For this reason the book is organized according to the chronology of the depicted events--an order that often correlates with comparable themes and stories--rather than according to the chronological order of their writing. The analysis offered in Murdoch's book is by no means exclusive or complete; it is a starting point for the study of Remarque's novels as it highlights the conceptual links between the works and the development of the author's worldview. It also documents the development and changes in Remarque's narrative techniques and the formation of his writing style. Remarque's experimenting period is marked especially in his early works, such as Die Traumbunde (1920) and Gam (written in 1923-24, first published in 1998). In his analysis of these early novels, Murdoch emphasizes the "excessive use of diminutives ... overdone attempts to play with sounds ... [and] equally overdone use of pauses" (p. 14). These beginner's ailments disappear in later novels, which adhere to the stylistic biases of the "neue Sachlichkeit," the "shocking realis[t] ... quasi-documentary" style. In the works from the late 1920s onwards, "[t]he structure is episodic ... holding the interest by moving rapidly from one scene to another" (p. 37). This markedly cinematic style would become a hallmark of Remarque's works, and seemingly a reason for the critics' scorn.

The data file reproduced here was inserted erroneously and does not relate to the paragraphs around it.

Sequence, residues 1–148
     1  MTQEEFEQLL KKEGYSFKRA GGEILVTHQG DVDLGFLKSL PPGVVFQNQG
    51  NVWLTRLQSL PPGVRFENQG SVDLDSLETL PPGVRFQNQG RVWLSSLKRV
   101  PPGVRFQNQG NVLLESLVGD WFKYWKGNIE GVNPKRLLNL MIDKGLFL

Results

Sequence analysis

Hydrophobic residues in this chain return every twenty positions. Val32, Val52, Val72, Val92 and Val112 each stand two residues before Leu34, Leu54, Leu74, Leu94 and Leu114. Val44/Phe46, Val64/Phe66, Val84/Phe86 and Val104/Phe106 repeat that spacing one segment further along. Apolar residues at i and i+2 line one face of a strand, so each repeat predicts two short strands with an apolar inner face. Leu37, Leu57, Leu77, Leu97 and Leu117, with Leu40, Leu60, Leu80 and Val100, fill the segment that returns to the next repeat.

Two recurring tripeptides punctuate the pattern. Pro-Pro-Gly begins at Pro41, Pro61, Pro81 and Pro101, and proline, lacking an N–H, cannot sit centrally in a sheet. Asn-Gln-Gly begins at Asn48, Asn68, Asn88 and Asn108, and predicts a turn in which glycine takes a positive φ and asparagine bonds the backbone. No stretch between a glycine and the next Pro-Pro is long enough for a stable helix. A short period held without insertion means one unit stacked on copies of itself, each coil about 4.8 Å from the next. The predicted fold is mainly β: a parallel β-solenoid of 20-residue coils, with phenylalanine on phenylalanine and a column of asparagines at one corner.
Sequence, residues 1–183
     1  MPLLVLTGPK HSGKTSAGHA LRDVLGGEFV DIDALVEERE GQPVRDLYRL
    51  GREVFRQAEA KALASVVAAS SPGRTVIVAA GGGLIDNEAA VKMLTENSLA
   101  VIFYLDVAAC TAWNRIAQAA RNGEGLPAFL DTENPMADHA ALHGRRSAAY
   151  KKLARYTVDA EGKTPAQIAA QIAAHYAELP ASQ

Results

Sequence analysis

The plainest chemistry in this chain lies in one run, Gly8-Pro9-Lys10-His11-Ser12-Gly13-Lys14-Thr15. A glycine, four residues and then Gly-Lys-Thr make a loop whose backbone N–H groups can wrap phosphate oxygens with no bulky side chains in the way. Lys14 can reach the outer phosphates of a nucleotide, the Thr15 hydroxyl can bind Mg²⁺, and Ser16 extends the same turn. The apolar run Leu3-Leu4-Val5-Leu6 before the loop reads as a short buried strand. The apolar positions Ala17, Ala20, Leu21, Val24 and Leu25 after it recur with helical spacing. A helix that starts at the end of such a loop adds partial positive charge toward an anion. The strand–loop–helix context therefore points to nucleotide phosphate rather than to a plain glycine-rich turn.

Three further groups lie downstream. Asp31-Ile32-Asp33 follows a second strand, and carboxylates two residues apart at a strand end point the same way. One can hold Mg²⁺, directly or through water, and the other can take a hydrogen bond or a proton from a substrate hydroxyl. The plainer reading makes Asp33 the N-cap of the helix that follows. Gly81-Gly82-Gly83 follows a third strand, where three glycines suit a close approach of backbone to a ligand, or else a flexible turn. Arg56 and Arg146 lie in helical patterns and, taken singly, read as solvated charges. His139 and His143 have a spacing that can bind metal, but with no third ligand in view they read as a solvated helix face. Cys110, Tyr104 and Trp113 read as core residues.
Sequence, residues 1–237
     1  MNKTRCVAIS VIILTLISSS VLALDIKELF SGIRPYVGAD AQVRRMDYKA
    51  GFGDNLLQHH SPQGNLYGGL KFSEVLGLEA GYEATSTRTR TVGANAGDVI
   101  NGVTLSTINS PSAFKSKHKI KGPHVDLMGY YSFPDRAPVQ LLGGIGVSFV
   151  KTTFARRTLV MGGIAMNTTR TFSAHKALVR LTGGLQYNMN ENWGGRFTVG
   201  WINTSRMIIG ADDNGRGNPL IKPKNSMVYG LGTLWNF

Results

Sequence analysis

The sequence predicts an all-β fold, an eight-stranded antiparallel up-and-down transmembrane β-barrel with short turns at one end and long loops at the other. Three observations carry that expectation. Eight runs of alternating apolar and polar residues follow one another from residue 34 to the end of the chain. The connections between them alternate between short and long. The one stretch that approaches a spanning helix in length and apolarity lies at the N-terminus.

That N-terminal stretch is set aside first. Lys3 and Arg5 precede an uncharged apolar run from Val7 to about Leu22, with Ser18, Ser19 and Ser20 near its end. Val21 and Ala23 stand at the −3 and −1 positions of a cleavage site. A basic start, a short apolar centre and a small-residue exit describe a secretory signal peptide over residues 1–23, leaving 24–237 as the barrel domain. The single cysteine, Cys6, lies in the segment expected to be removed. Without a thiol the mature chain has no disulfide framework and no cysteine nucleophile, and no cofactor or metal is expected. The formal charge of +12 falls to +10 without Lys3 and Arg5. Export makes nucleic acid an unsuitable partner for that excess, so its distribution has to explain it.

Murdoch's observation regarding the development of Remarque's "historical" perspective is revealing. From his initial, 1920 publication, in which he recalls the prewar German bohemian milieu, to his final novel, Schatten im Paradies (1971)--which narrates the troubles of wartime German exiles in America--Remarque's narratives reflect on events of the recent past. However, only in his late 1920s war novels did he first develop fully the dual perspective that characterizes most of his works: the depiction of the past in a way with urgent implications (moral, political, and so on) to readers at time of publications. "Die Traumbunde" exemplifies the tendency of the early novels to depict a lost world, a reality where the war was still unknown. According to Murdoch, the prewar setting was perceived by readers as irrelevant to the conflicts and challenges of 1920s reality. This assertion, which accepts portrayals of the Great War as an unbridgeable break with the "innocent" past, of course, is debatable. Nonetheless, Murdoch's differentiation between the nostalgic tone of the early novels and the irony-laden depictions of the past in the later novels is noteworthy. Equally significant is Murdoch's identification of the challenging nature of the later works, comparing to the escapism of the novels written before Im Westen nichts Neues, which portray "a world where the war never existed" (pp. 14-15, 21).